Sex Poem: Castles of New England, Scotland, and Wales
One trails her fingerpad across the square swell of two keys, A-U. Australia is always the search engine’s first guess at what you’re seeking. What you see in A-M -erica is the beauty queen, the popularity contest victor, the money-married. I wonder if you ever feel forgotten by this place; whether you have considered that your own A-U never crosses the red, white, and blue consciousness during the average, lucky day; those void of war and death and thus, headlines.
(My own fingers roam unsuccessfully for the coast of my own C-U,
the cliffs of my C-U-N—oh, I am teasing!
I mean to say: my C-U-B-A)
Maybe this—along with those of ruined bed linens or that single strand of my hair trapped against your sticky lip—is a thread we share. ‘No news is good news’ is a phrase inherited from a king obsessed with finding witches.
The Daily News will never applaud the man on the A Train who begged enough pocket change to afford supper three hours before suppertime.
And a.m. will never celebrate the lovers who finally share a quiver, bodies pressed together like sorceress to stake.
Avenues upon avenues away from the Times, we share a correspondence that isn’t typed or handwritten but unseen, mouthed in warm puffs as your index finger nudges the flag above the Austrian embassy on East 69th: its red is particularly honest, a fluid, waving monument to a bloodshed. Your hand may as well be around my throat, pulling me towards a crime scene I needn’t know but now can’t forget. There is a word for this—the search engine knows its poems, its quotes, its rosy glitter graphics particularly well. Yet I’d rather imagine our American halves coming together like a set of cheap imported friendship necklaces from a quarter machine. The gears click in union. A fertile plastic egg enters the chute. One of us puts her hand inside, grasping eagerly.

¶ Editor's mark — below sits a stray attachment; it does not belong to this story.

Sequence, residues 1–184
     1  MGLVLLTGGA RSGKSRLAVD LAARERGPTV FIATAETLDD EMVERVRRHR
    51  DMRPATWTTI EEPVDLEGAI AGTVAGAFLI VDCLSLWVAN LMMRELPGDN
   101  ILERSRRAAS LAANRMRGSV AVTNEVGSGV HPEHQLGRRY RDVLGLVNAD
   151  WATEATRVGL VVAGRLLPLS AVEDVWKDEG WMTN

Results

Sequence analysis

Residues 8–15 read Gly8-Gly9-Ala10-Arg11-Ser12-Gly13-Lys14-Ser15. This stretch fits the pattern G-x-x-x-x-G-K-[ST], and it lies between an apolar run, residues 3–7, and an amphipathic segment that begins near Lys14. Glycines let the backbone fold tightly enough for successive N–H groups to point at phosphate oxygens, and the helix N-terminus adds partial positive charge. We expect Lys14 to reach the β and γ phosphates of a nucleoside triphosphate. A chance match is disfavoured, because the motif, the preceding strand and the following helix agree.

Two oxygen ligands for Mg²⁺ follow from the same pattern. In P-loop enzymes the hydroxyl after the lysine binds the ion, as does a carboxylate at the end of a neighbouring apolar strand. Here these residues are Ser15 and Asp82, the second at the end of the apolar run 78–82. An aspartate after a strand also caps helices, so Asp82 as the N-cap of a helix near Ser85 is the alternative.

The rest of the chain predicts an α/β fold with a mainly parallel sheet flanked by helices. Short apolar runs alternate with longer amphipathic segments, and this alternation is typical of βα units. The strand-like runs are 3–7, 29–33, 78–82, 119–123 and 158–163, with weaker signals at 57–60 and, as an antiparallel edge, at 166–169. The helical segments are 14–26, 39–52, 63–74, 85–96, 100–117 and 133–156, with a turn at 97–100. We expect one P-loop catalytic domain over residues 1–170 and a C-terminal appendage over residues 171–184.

When housekeeping finds your honest menses in the wings of the Waldorf-Astoria—that withering edifice, its UN ambassadors asleep in their suites, groaning and bleeding right along with us—handprinted to sheets and carpeting, the sort of mess made worse as pulses better—
—will they ring the police? And will they sell their report to the Post? Is it close enough to death? Will we be news? Or no news.
The slick, messy touch, the being from elsewhere while within her (not within me, but A-M -erica): both place us in direct contact with our barrenness.